Little Lien wasn't taken from her Jewish parents - she was given away in the hope that she might be saved. Hidden and raised by a foster family in Amsterdam during the Nazi occupation, she survived the war only to find that her real parents had not.
Much later, she fell out with her foster family, and Bart van Es - the grandson of Lien's foster parents - knew he needed to find out why. His account of tracing Lien and telling her story is a searing exploration of two lives and two families. It is a story about love and misunderstanding and about the ways that our most painful experiences - so crucial in defining us - can also be redefined.
'Luminous, elegant, haunting - I read it straight through' Philippe Sands, author of East West Street.
Please note only paperback now available
**THE SUNDAY TIMES BESTSELLER** Yanis Varoufakis, world renowned economist, writes to his daughter to teach her the hazards of capitalism. 'Why is there so much inequality?' asked Xenia to her father. Answering her questions in a series of accessible and tender letters, Varoufakis educates her to what economics and capitalism is and why it is so dangerous.
Taking from memories of her childhood and a variety of well-known tales - from Oedipus and Faust to Frankenstein and The Matrix - Varoufakis turns Talking To My Daughter into an enjoyable and engaging read, without ever shying from the harder truths. Greece's former finance minister explains everything you need to know to understand why economics is the most important drama of our times. In answering his daughter's deceptively simple questions, Varoufakis disentangles our troubling world with remarkable clarity and child-like honesty, as well as inspiring us to make it a better one.
How did we get to a place where bullshit is not just rife, but apparently so effective that it has become the communications strategy of our times? Written with the generous intelligent and wry humour that admirers of his broadcasting will recognise. Essential reading for anyone involved in communication.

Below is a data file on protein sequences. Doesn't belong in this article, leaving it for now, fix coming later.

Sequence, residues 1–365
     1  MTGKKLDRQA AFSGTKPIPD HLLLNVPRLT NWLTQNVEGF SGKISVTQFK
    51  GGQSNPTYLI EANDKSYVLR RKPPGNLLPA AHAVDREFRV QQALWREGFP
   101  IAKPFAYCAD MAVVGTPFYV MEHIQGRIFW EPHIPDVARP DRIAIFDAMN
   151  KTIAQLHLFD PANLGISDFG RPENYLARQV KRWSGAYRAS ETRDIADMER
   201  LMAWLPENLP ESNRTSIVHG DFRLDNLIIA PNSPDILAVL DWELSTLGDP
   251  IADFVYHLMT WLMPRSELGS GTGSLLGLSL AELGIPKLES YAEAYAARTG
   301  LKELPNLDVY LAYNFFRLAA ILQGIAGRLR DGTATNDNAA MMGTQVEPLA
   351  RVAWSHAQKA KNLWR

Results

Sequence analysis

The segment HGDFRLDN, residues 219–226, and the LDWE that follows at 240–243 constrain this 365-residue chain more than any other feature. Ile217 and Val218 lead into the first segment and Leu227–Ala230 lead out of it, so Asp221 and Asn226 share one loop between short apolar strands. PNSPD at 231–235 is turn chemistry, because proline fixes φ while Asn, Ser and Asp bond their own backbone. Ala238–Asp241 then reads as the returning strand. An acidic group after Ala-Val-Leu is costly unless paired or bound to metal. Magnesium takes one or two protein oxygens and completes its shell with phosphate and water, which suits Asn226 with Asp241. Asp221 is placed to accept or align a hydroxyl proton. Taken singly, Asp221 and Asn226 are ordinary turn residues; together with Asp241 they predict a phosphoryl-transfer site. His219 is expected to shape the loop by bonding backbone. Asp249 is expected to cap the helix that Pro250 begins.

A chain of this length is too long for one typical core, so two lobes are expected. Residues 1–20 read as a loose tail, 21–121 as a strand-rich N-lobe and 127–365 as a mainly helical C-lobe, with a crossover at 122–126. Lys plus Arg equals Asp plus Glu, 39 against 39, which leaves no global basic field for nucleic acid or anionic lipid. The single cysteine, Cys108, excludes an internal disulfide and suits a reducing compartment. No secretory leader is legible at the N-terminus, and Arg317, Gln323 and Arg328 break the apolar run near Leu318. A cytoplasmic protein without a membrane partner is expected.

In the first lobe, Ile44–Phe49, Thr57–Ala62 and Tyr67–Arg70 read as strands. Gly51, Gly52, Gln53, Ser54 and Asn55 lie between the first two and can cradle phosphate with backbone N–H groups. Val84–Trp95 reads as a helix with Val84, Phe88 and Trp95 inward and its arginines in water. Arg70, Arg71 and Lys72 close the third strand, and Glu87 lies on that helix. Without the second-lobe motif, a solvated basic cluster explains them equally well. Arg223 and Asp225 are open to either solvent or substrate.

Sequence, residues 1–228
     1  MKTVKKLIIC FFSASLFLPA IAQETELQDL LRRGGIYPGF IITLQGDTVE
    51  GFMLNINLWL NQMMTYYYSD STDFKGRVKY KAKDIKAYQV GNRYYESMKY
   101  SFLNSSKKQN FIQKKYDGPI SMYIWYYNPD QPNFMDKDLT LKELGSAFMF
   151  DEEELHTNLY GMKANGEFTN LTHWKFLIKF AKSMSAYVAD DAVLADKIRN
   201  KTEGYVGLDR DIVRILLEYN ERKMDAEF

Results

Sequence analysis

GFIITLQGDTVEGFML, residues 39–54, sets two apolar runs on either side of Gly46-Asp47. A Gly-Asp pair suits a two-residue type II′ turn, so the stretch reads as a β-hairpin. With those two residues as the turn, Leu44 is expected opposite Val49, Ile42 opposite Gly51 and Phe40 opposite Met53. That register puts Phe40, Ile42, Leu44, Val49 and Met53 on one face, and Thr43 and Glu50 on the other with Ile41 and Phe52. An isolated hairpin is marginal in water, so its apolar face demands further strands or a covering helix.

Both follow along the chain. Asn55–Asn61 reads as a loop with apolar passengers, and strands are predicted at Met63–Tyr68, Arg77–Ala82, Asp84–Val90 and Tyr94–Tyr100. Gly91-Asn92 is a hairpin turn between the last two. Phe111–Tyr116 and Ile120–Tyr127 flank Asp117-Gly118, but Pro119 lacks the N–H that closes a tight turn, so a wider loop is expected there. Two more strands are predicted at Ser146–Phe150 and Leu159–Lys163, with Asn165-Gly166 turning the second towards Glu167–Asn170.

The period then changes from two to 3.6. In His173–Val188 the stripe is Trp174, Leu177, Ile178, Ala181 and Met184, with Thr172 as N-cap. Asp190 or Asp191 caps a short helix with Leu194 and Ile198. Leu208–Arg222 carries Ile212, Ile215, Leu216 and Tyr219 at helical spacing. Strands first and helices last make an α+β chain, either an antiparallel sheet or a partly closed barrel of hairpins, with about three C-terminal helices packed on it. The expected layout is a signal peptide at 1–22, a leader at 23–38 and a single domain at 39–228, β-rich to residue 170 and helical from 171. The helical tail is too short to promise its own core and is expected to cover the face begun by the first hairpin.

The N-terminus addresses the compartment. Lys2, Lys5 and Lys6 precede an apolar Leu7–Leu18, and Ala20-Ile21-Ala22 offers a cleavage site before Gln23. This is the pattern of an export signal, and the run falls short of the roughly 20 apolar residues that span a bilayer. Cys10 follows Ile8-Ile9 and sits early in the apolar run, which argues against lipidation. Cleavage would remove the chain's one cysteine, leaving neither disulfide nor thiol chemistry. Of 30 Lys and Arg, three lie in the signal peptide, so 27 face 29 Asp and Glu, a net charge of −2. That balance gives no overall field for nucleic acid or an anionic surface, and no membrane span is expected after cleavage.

Shaun Bythell runs one of the second hand and antiquarian bookshops in Scotland’s ‘ special place ‘ for books, Wigtown. This diary style account of life behind the till is grumpy, cynical - and hilarious.
by Philip Coggan
'Big and timely ... Coggan's account of the rise of the world economy is accessible and mercifully free of jargon'Sunday Times
More tracks the development of the world economy, starting with the first obsidian blades that made their way from what is now Turkey to the Iran-Iraq border 7000 years before Christ, and ending with the Sino-American trade war that we are in right now. Taking history in great strides, More illustrates broad changes by examining details from the design of the standard medieval cottage to the stranglehold that Paris's three belt-buckle-making guilds exercised over innovation in the field of holding up trousers.
Along the way Coggan reveals that historical economies were far more sophisticated than we might imagine - tied together by webs of credit and financial instruments much like the modern economy. Coggan shows how, at every step of our long journey, it was connections between people - allowing more trade, more specialisation, more ideas and more freedom - that always created the conditions of prosperity.
by Anne Applebaum Hardback
- 224 pages
- Publisher:Penguin Books Ltd
- Imprint:Allen Lane
- Published:21 Jul 2020